Fight Club: A Ragtag Crew Races to Save Disappearing Trees
Backcountry activists in the Mountain West defend the whitebark pine against climate change and beetle attacks.
Gonzales is well aware of this, and it's why he sees verbenone as simply a means to an end, one front in a much larger campaign. In the years since TreeFight's founding, the group has expanded its focus well beyond verbenone-tagging. Last year TreeFighters trekked into the backcountry on a series of replanting missions, seeding one thousand whitebarks and planting two thousand new seedlings on Forest Service lands around Jackson Hole. They also partnered with ornithologist Schaming, leading troops of volunteers and students into the woods to help collect bird-call data for a population survey of Clark's nutcrackers.
If this last task sounds a bit Sisyphean--asking gaggles of middle-school kids to sit quietly in the woods for hours at a time--think of it as a metaphor for the whole of TreeFight's efforts. Because, as Gonzales freely admits, all of these missions are Band-Aids--the verbenone, the replanting, the nutcracker studies, all of it. Ultimately, the only sure steps to prevent the pine beetle's climate-driven advance are those that reduce carbon emissions. This is why, as far as Gonzales is concerned, "TreeFight's greatest value is bringing back evidence from these forests that our world is changing way more quickly than most people think." In other words, what he and his TreeFighters really want is nothing less than to turn whitebark pine into a national cause celebre for climate change.
To that end, the group is fanatically dedicated to churning out and disseminating new media. As we hiked to our targeted stand, passing the Fighter on our way, I could barely stop to pee without another TreeFighter rolling HD digital video of it. After TreeFight's first year, Gonzales produced a 20-minute documentary called Seeing Red. It showed at Telluride's popular Mountainfilm fest, then toured 52 cities in the Backcountry Film Festival, winning best environmental film and showing to more than 5,000 people. A second film is in the works. TreeFight also has plans for an app that would let backcountry recreationists help tag and monitor trees, sans verbenone--a sort of Facebook for foliage, where users can keep tabs on their favorite trees' health while showing off their photography skills. Last year the group armed schoolkids with smartphones and cameras and marched them into the woods to shoot geo-tagged "TreeArt," then made screen prints for display at a local arts festival. Needless to say, Gonzales and crew are social-media-savvy to the max, with tens of thousands of followers on social networks you haven't even heard of yet, like Pheed.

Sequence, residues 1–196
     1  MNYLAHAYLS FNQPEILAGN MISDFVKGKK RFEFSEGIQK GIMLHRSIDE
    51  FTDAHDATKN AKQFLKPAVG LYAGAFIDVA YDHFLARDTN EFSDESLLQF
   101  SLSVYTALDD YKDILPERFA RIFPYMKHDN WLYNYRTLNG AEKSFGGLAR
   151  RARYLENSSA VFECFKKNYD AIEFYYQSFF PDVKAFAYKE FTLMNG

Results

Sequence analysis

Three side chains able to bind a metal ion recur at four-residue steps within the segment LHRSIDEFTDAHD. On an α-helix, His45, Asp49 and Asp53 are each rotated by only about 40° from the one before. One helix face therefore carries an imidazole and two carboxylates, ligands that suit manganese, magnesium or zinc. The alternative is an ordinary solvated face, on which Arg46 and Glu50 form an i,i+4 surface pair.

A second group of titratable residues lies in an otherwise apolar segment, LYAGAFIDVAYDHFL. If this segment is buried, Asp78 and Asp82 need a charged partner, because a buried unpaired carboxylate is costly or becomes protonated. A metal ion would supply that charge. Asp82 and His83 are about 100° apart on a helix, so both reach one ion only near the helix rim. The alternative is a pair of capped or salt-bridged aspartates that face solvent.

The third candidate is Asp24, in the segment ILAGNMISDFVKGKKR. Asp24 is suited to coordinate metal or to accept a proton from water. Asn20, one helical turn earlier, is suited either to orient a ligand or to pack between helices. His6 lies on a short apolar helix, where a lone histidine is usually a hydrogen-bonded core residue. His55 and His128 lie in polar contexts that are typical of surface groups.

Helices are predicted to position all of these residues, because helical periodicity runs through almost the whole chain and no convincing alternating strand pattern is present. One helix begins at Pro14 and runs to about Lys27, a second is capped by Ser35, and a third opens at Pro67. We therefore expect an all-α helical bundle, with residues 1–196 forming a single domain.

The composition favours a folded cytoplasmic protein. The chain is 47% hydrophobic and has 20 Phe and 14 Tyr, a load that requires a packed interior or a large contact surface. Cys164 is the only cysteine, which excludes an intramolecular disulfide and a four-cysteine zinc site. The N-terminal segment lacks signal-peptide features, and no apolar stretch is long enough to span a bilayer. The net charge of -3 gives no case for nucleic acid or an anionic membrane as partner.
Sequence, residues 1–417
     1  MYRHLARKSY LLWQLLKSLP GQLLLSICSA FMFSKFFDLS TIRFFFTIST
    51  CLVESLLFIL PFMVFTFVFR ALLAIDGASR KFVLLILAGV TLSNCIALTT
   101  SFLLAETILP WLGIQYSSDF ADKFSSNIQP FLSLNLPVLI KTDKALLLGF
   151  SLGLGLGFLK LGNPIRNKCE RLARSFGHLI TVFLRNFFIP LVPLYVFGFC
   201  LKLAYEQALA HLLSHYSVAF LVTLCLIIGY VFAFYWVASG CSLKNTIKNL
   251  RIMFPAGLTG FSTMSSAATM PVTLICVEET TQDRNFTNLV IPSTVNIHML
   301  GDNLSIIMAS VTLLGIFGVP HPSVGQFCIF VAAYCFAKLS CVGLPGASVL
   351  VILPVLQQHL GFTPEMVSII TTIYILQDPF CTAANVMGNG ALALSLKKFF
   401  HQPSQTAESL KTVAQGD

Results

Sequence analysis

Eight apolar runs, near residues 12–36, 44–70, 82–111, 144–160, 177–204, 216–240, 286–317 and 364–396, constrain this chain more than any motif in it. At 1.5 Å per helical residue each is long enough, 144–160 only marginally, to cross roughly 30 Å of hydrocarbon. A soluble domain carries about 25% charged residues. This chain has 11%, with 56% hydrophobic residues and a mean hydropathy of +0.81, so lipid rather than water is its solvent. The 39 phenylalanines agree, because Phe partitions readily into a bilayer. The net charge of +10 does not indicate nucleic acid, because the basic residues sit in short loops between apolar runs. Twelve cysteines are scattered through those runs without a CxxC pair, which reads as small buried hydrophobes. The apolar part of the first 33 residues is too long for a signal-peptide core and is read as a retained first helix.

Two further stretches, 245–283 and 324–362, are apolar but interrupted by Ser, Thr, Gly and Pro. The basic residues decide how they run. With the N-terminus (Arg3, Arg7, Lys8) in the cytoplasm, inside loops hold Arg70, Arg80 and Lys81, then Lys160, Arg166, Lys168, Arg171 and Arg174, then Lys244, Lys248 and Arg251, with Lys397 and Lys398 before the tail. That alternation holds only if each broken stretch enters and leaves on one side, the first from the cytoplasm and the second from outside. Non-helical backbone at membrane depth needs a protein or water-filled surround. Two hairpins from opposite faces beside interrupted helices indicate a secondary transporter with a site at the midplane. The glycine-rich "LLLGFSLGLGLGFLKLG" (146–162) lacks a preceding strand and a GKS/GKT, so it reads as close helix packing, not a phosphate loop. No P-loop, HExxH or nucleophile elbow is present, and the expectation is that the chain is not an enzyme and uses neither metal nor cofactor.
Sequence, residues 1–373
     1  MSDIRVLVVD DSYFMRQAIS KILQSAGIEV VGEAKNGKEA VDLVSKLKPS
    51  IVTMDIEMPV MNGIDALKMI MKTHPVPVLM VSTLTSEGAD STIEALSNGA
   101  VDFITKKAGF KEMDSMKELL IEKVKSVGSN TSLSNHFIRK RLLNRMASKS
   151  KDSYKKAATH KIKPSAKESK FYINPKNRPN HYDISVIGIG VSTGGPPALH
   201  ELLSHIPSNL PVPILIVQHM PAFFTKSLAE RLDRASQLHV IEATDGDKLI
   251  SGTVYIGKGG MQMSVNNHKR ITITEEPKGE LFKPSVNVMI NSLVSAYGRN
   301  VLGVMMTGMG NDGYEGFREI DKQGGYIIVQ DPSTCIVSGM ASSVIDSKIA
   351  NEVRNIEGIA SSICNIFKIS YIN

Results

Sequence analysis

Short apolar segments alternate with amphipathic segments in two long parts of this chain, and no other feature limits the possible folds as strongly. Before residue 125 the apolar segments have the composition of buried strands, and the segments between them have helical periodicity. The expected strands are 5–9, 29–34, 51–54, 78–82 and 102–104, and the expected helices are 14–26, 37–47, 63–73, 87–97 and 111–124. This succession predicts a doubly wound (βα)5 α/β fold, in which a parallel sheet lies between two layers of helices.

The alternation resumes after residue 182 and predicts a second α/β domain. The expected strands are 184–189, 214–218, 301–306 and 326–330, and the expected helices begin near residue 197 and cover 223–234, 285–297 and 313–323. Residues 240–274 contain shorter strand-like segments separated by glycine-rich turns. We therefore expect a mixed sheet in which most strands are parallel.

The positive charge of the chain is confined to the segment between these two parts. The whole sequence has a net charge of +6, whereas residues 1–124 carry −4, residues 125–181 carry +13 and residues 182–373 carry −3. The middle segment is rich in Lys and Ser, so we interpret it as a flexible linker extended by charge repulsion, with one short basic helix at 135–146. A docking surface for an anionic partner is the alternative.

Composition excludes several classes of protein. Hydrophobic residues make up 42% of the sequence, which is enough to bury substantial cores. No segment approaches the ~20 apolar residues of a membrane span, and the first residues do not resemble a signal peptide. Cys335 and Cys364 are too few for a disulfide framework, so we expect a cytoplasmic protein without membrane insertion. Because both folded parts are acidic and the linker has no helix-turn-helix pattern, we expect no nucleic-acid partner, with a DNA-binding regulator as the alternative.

"David understands these new media ways of communication--he's wired into ways to communicate with the generation that matters," says Logan, who, along with Macfarlane, serves as an adviser to TreeFight. "He's coming up with really innovative ideas beyond stapling verbenone packets to get people involved and maybe impress on them that what we're doing is really driving this problem." At the heart of all this is the provocative notion that a gnarly little high-altitude tree can step up to become the next whale or polar bear. But if Gonzales is ignoring traditional eco-wisdom that cuddly megafauna make the best environmental spokesmen, he has a simple reason for doing so. "Trees can't move," he explains flatly. "They can't migrate with the seasons or climb higher to adapt to warming temperatures. And because of this, they're the most effective temperature gauge on the planet."
Shortly after noon, the TreeFighters and I reached a ridge crowded with still-verdant whitebark. We fanned out in pairs, with Pepi scrambling happily from group to group. It's a charismatic tree, you have to admit. Unmolested, a single pine can live a thousand years, and some older specimens have a sculptural, almost Seussian quality to them. Methodically, we started stapling the first of several dozen citronella-smelling packets, posing after each for a high-resolution, geo-tagged photo.
43@ 52' 39" N, 110@ 34' 39" W This is the rustic-posh Jackson Lake Lodge in Grand Teton National Park. A few months after our mission up Togwotee Pass, I went there to watch Gonzales give a presentation at Jackson Hole's inaugural TEDx Conference. He was endearingly terrified throughout, but he managed to hit the highlights, and a short clip from Seeing Red drew an audible chorus of whoas from the crowd. Naturally soft-spoken, Gonzales is slowly embracing the role of public speaker. He has since presented at the estimable Yale School of Forestry and hopes to bring TreeFight's message to new audiences this summer and beyond.
Later, over a post-conference beer, Gonzales acknowledged another advantage of a tree's essential fixedness. It allows us, he said, to form relationships with it that we simply can't with an otter or a giant panda. The comment reminded me of a quote from the Viennese philosopher Martin Buber: "[A]s I contemplate the tree I am drawn into a relation," Buber writes, "and the tree ceases to be an It." That kind of relationship is what turned Gonzales from a ski-bum auteur into an activist, and he's betting it can do the same for others. In the end, TreeFight's mission has less to do with fighting than with conversion: helping whitebark cease to be an It before whitebark ceases to be.
This story originally ran as "Fight Club" in the May-June 2013 issue of Audubon magazine.